SIOUX LOOKOUT – As you know the Provincial Cannabis Act, 2017 will come into force on Thursday, October 17, 2018. Key elements of the Act include:
1. Prohibiting the sale of recreational cannabis to anyone under the age of 19.
2. Prohibiting youth (under 19) from possessing, cultivating, consuming and sharing cannabis.
3. Addressing illegal selling, including illegal storefronts.
The Act will implement a tightly regulated licensing and regulatory framework for private storefront cannabis where,
• Private retailers will be licensed by the Alcohol and Gaming Commission of Ontario (AGCO)
• The Ontario Cannabis Retail Corporation (OCRC) will be the exclusive wholesaler and online retailer of cannabis in the province
• First Nation communities will be able to opt-out of cannabis deliveries and retail stores
• Municipalities will be able to pass a council resolution by January 22, 2019 to opt-out of retail stores
Embedded in the Act are specific provisions for both municipalities and for First Nations.
First Nations-Specific Provisions in Ontario Legislation
1. On Reserve Delivery Prohibition
• The OCRC will be required to implement a prohibition of on-reserve delivery when requested by a First Nation community through a band council resolution
2. Retail Store Opt-out & Approval
• First Nations will be able to opt out of private cannabis retail stores by way of band council resolution. This would not be time-limited.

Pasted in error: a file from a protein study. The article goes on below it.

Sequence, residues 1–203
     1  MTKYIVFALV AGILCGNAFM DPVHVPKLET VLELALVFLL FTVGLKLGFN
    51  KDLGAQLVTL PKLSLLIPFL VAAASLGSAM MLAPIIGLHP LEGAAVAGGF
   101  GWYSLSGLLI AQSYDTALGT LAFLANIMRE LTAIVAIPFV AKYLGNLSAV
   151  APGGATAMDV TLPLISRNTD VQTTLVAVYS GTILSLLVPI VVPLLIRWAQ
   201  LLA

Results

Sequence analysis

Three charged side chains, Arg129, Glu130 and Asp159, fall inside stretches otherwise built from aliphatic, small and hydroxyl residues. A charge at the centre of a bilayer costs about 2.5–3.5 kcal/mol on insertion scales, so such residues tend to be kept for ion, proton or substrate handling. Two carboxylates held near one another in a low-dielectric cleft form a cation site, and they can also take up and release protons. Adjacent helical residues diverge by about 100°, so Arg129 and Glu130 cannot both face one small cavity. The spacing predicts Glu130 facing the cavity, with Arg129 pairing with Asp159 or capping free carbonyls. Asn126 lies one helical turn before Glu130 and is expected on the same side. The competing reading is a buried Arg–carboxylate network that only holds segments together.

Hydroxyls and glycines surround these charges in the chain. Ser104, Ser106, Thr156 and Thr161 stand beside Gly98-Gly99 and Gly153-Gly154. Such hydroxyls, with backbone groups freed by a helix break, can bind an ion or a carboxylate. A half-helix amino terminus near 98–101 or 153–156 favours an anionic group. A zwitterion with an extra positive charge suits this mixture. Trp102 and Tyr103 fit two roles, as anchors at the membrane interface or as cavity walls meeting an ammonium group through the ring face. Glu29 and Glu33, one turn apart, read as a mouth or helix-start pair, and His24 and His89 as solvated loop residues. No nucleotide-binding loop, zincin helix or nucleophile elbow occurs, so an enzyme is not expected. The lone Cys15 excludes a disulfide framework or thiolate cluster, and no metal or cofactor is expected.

• If a First Nations community does not opt-out of retail stores, a band council resolution will be required to approve a store on reserve before the AGCO issues a retail store authorization
3. Agreement with Council of the Band
• The Attorney General will be able to enter into agreements with First Nation communities on a wide scope of legislative components. For example:
• The Cannabis Act, 2017 includes authority for the Attorney General to enter into agreements with First Nations communities related to cannabis regulation on matters within the scope of the Cannabis Act, 2017 (e.g. minimum age, enforcement tools, etc.)
• To enter into arrangements or agreements with a council of the band with respect to the regulation of retail stores on a reserve, the licensing or authorization of persons to operate the stores or the enforcement of the Act and the regulations on a reserve.
Critics of the First Nations sections of the Act have noted that:
“This is not friendly legislation to First Nations’ economic and health and safety jurisdiction. The Act takes an approach that the Province is the regulator and wholesaler on an “exclusive right” basis across Ontario…………both the federal and Ontario governments have done little in order to accommodate the concerns and interests of First Nations, let alone make any room for inherent First Nation jurisdiction.”
• Local municipalities will have the opportunity to opt-out of cannabis retail stores in their communities by January 22, 2019
‒ Municipalities that opt-out of cannabis retail stores can allow them in the future, but municipalities that do not opt-out of stores by January 22nd, cannot opt-out of them at a later date
• In municipalities that do not opt out of stores, if a request for a store location is received, the AGCO will initiate a public notice process in which the affected municipality and the public will have an opportunity to identify any comments within a 15-day period
‒ AGCO Registrar will consider any comments raised through this process when making its final decision to grant an authorization for that location
‒ MAG will continue to consult with municipalities on the implementation of this process
‒ Municipalities will not be able to designate cannabis retail as a separate land use from retail generally or create a cannabis retail licensing regime within their jurisdiction
For further information about Bill 36, please contact the Attorney General’s office at email@example.com. or you can contact my office at SMamakwa-QP@ndp.on.ca.